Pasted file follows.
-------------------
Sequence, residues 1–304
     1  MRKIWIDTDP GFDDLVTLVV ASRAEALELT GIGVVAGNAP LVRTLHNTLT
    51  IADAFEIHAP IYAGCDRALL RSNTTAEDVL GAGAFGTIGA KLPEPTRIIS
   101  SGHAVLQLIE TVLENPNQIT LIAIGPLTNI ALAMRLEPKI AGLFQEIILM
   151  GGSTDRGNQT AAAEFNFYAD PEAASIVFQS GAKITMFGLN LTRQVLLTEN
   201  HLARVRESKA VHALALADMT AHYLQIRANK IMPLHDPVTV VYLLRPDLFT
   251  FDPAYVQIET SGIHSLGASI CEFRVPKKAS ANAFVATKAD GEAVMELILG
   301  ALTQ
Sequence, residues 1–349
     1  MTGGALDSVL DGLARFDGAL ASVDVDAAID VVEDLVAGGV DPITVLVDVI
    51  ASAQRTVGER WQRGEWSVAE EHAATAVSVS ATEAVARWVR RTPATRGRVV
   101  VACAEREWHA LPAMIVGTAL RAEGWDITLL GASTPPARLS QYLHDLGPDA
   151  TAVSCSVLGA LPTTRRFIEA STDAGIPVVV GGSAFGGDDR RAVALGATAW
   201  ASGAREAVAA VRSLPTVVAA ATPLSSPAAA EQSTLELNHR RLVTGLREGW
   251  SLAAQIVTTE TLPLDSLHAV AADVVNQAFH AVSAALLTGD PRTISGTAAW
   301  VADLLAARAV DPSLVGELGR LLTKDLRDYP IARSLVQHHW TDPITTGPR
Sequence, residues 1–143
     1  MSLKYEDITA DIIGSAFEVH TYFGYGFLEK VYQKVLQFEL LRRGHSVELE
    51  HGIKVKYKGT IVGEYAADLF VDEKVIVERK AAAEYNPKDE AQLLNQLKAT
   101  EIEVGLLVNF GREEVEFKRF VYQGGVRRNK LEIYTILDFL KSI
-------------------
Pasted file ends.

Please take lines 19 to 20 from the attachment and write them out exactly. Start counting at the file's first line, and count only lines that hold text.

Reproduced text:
    51  HGIKVKYKGT IVGEYAADLF VDEKVIVERK AAAEYNPKDE AQLLNQLKAT
   101  EIEVGLLVNF GREEVEFKRF VYQGGVRRNK LEIYTILDFL KSI